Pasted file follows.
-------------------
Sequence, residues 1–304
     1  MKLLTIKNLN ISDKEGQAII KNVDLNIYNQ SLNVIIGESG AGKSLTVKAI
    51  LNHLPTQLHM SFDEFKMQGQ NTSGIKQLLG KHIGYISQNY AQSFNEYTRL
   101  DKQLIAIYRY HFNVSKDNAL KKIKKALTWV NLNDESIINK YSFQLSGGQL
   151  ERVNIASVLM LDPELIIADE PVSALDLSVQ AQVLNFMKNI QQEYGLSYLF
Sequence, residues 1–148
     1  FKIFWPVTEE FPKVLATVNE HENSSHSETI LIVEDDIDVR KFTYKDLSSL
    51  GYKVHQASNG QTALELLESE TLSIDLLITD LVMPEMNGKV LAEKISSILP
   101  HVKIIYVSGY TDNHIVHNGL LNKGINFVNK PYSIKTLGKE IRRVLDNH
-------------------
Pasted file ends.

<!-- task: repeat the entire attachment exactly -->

Sequence, residues 1–304
     1  MKLLTIKNLN ISDKEGQAII KNVDLNIYNQ SLNVIIGESG AGKSLTVKAI
    51  LNHLPTQLHM SFDEFKMQGQ NTSGIKQLLG KHIGYISQNY AQSFNEYTRL
   101  DKQLIAIYRY HFNVSKDNAL KKIKKALTWV NLNDESIINK YSFQLSGGQL
   151  ERVNIASVLM LDPELIIADE PVSALDLSVQ AQVLNFMKNI QQEYGLSYLF
Sequence, residues 1–148
     1  FKIFWPVTEE FPKVLATVNE HENSSHSETI LIVEDDIDVR KFTYKDLSSL
    51  GYKVHQASNG QTALELLESE TLSIDLLITD LVMPEMNGKV LAEKISSILP
   101  HVKIIYVSGY TDNHIVHNGL LNKGINFVNK PYSIKTLGKE IRRVLDNH